Bayou Blues

Musician Tab Benoit plays to save Louisiana’s wetlands.

Whether he’s playing nightclubs or talking environmental politics, Cajun bluesman Tab Benoit’s passions are grounded in the love and loss of people and places. A native of Houma, Louisiana, the Grammy-nominated artist is a leading advocate for the preservation and restoration of the Mississippi Delta. Benoit’s activism has earned him trips to testify before Congress, gigs at both the Democratic and Republican national presidential conventions, and the 2009 Governor’s Conservation Award from the Louisiana Wildlife Federation. Since founding the conservation group Voice of the Wetlands (VOW) in 2003, Benoit has worked tirelessly to keep wetlands loss in the public eye.

How did you get your start as an activist?

I was a flight instructor, and I flew over pipelines all over the coast. Our practice areas were over the swamp. Day after day I saw the adverse effects of messing with nature: islands and wetlands disappearing—we’re losing an acre an hour down here—leaks in the pipelines they wouldn’t fix. So I’ve tried to get the word out about what’s happening and grow support for the wetlands.

What should people expect at the 8th Annual Voice of the Wetlands Festival in October?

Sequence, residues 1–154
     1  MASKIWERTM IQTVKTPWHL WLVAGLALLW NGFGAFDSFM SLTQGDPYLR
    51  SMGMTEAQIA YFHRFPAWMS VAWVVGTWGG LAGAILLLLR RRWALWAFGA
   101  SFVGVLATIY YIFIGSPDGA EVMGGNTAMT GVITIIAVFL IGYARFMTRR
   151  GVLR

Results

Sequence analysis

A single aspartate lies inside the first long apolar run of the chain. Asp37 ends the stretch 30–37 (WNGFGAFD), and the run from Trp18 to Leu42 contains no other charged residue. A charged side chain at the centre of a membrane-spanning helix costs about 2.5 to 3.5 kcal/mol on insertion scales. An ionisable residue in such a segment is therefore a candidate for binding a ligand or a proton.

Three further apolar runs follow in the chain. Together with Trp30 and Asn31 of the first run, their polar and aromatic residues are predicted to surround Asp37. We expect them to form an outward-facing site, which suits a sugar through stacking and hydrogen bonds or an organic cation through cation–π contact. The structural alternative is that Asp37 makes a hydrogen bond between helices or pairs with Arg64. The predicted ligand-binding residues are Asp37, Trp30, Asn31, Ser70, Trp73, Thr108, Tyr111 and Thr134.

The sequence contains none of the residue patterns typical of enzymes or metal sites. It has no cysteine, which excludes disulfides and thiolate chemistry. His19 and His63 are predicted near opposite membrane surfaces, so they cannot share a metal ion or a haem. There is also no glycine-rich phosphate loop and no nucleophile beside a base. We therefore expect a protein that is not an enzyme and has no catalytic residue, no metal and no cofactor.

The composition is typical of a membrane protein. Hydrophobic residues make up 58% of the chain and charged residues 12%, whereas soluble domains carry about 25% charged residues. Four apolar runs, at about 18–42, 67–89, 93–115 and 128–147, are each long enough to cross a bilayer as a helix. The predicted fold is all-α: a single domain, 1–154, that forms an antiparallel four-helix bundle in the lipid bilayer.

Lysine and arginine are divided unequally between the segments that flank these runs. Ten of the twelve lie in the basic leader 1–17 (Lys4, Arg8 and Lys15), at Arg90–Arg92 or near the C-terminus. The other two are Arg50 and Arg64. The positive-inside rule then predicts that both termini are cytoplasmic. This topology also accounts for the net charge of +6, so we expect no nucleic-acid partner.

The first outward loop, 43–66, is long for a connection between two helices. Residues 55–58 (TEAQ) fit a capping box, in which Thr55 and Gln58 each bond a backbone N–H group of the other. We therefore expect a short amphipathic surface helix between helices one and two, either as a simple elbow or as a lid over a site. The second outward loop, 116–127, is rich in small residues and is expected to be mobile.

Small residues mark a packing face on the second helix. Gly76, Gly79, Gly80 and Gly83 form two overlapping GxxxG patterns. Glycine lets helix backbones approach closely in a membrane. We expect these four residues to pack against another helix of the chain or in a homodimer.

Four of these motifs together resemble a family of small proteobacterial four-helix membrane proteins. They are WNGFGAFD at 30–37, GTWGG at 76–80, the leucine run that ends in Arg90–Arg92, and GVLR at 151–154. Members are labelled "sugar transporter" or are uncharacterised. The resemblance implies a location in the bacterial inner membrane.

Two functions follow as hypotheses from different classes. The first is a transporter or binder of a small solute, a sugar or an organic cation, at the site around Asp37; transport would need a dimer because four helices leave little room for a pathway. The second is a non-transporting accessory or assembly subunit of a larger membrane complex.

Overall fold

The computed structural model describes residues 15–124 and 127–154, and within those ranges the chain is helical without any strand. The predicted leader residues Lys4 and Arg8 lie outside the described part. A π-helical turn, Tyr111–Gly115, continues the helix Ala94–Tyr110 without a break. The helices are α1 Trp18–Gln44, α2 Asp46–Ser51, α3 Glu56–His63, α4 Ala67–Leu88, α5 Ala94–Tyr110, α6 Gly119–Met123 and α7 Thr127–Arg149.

It really is our rally, a call to action to get people involved and to see what’s happening in the delta. We give air tours and we give swamp tours, and we also have great music and Cajun food. Volunteers run it all.

What’s the crux of the VOW campaign?

The reality is that we as a country have sacrificed the Mississippi Delta for oil and shipping. That’s the bottom line—that land is in the way of shipping so we have to get rid of it. We have destroyed the delta of the fourth-largest river on the planet for short-term monetary gains. That has to change from the top. That means the President and the Department of the Interior have to determine how we can have shipping without destroying the delta.

For your latest album, Medicine, you went to your bayou camp. Do you write better when you’re on the water?

That was always where I went to do my writing, in the swamp or in my boat or at the camp, somewhere out there. I hadn’t had a camp since hurricanes Lily and Rita destroyed my last ones, so I hadn’t done much writing. Last summer I put out a new floating camp so I can handle the high water. For me, it’s a productive place.